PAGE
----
"Life, liberty and the pursuit of happiness." Those very words were immortalized in the Declaration of Independence of 1776. The founding fathers believed happiness was an unalienable right.
Happiness - it is everyone's birthright. So if happiness is the right of every person on this planet, why does it seem like it is so elusive? The truth is, happiness isn't something you can go out there and conquer or buy. Happiness is something that you must cultivate every single moment of every single day. But don't worry. While it takes work, if you slowly begin to develop habits that promote happiness in your life, you will eventually be living in a constant state of happiness. Now when I say happiness, I don't mean you're totally blissed out all the time. Rather, the happiness I speak of is a state of joy, contentment and equanimity from which you live, no matter what else is happening on the surface.
How can you cultivate this state of being, you wonder? So glad you asked! Here are some helpful habits of happy people that you can begin to cultivate in your life, and with practice - you too can be happy.
1. Honor your body
Eat Healthy. Exercise Regularly. So simple and so true. The food that you eat directly impacts your mood and energy level, so pay attention to what you're putting into your body. The more effort you make to feed your body healthy and nutrient-rich food, the more energy you'll have and the healthier you'll feel. Add some regular exercise to that, and you're set. Exercise gives you endorphins, and we all know how those make us feel: Happy! Exercise also helps with stress reduction which can also lead to a generally happier life.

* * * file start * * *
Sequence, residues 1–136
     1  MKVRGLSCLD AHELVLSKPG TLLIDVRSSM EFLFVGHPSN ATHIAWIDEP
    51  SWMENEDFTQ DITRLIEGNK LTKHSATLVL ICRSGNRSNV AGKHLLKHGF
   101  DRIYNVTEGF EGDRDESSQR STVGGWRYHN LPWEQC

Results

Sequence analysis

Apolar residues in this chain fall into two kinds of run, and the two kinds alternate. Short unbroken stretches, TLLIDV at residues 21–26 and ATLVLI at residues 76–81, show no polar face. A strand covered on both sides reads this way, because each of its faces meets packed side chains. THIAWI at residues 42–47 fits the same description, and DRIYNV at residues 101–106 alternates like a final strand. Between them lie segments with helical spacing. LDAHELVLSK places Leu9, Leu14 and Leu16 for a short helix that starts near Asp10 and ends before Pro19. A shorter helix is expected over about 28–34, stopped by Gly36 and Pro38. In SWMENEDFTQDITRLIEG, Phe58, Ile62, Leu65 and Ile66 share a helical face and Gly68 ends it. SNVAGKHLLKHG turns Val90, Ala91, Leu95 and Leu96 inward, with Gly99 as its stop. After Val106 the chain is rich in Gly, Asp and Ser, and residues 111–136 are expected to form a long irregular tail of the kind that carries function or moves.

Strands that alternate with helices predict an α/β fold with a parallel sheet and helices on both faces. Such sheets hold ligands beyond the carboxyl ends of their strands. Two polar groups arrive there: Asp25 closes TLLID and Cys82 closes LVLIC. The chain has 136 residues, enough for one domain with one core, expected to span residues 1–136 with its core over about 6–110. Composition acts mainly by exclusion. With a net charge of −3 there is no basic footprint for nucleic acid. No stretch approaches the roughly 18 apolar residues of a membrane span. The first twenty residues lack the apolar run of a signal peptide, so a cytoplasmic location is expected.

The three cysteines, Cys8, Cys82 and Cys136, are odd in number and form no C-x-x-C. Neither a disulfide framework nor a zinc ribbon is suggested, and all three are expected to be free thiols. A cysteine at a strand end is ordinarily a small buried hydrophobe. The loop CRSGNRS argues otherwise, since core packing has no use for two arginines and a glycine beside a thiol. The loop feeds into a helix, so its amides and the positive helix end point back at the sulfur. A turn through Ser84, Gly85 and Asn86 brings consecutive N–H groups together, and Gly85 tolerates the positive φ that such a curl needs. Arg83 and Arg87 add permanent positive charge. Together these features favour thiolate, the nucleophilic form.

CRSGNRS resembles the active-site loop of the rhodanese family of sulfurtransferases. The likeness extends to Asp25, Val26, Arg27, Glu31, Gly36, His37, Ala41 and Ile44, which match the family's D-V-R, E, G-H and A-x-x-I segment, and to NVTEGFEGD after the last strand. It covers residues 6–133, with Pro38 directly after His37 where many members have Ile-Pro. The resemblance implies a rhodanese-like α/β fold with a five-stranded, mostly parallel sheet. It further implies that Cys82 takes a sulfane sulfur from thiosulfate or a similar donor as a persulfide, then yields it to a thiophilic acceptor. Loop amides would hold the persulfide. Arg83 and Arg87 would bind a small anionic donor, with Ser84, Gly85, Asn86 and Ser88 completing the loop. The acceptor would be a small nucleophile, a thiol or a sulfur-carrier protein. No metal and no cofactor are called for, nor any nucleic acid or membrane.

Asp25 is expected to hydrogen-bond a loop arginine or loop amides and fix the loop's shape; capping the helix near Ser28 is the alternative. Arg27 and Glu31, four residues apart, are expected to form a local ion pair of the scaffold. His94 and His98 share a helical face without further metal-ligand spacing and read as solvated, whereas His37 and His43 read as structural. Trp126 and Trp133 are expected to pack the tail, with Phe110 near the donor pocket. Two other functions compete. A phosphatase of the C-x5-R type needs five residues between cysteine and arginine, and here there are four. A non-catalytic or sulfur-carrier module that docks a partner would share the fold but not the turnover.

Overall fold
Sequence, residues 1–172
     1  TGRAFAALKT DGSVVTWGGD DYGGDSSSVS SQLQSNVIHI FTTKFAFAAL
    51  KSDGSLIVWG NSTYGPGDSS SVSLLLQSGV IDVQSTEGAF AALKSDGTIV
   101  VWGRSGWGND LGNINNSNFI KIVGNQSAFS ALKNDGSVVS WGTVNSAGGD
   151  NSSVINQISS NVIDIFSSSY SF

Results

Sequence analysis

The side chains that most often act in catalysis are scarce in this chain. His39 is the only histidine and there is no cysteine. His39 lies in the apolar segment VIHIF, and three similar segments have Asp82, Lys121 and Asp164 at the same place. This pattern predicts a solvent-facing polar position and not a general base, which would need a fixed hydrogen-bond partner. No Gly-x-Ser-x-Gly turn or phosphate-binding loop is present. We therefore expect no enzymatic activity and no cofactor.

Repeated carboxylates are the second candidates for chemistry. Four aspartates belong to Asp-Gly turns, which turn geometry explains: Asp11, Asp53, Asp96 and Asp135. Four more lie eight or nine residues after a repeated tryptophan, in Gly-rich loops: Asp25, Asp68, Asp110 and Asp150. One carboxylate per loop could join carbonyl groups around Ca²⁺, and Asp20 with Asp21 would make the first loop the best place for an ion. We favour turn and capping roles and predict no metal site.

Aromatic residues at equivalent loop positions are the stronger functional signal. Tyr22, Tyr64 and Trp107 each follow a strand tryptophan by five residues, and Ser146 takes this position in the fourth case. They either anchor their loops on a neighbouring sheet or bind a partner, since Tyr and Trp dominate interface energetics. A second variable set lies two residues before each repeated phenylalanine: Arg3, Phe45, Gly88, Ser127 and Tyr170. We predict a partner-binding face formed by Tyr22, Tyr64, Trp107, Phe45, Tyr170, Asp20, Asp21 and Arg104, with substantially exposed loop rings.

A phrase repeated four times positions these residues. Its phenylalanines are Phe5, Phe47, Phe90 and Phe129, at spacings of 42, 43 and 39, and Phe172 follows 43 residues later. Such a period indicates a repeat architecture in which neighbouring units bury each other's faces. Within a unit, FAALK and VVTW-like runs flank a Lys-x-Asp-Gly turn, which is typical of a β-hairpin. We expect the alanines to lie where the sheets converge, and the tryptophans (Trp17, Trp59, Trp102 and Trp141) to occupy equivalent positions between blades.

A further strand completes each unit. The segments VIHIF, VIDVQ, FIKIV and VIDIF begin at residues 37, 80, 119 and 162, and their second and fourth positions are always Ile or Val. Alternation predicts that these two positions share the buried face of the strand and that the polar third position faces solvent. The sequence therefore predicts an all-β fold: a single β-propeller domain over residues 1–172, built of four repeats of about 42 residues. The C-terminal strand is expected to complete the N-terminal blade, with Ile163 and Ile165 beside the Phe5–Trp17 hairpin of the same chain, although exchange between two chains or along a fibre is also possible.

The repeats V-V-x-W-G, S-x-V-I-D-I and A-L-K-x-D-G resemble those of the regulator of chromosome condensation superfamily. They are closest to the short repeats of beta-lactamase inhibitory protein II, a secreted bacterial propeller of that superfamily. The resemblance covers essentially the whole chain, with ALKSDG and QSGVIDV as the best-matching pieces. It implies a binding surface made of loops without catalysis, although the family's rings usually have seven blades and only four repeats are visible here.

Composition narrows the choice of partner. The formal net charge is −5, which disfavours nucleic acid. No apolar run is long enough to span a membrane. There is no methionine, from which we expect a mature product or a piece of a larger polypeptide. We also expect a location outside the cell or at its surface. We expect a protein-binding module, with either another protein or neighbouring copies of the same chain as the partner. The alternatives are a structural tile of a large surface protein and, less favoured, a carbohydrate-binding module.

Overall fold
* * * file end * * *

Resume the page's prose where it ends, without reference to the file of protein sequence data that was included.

2. Be Present
The phrase "stop and smell the roses" is always a great reminder to pause, take a breath and be present. So often people are living in the past or thinking about all the things they need to be doing in the future. Pause for a moment and ask "how often are both my feet fully planted in the present?" Even at this moment, are you reading the words with all your attention? Or do you have a list of to-do's running through your head, and email and social media updates calling out for your attention right now? While it sounds simple, being fully present is a practice that takes effort as well. The mind likes to run wild. Often, it can feel easier to let the mind worry about all the things you have to do or about the things that you haven't done. Don't worry, that's just a habit, and you have the power to retrain your mind and give it new habits that will help you be happier in the long run. Try this; whenever you find your mind focusing too much on the future or dwelling too much in the past - recognize it, pause, take a breath and think "be present." See what happens!
3. Keep Good Company